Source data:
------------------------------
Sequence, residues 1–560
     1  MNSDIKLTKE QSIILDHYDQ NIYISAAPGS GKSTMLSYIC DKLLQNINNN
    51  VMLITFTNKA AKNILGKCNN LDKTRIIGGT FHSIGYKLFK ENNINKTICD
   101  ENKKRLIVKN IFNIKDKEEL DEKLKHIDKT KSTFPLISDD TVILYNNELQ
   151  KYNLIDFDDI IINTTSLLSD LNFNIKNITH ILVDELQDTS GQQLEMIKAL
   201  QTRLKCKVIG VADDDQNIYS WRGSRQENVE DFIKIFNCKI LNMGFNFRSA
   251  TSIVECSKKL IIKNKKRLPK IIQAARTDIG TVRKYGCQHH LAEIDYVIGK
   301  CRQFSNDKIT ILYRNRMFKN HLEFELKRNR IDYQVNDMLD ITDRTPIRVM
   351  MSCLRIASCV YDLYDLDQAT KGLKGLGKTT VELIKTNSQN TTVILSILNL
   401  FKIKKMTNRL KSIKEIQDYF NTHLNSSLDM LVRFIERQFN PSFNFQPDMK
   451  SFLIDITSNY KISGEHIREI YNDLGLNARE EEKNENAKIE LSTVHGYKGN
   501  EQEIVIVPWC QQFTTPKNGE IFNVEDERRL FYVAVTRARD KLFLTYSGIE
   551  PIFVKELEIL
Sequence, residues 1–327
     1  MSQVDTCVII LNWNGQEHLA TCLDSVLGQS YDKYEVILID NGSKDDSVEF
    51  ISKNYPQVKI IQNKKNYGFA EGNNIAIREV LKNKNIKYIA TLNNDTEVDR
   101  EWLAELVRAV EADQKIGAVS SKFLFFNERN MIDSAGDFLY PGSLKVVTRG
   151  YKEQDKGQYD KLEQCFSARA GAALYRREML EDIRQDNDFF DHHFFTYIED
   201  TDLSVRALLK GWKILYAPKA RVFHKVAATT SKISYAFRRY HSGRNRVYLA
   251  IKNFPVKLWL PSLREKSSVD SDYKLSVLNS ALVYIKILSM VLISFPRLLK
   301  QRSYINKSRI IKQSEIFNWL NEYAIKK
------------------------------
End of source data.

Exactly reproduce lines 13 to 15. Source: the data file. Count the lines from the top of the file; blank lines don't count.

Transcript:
   551  PIFVKELEIL
Sequence, residues 1–327
     1  MSQVDTCVII LNWNGQEHLA TCLDSVLGQS YDKYEVILID NGSKDDSVEF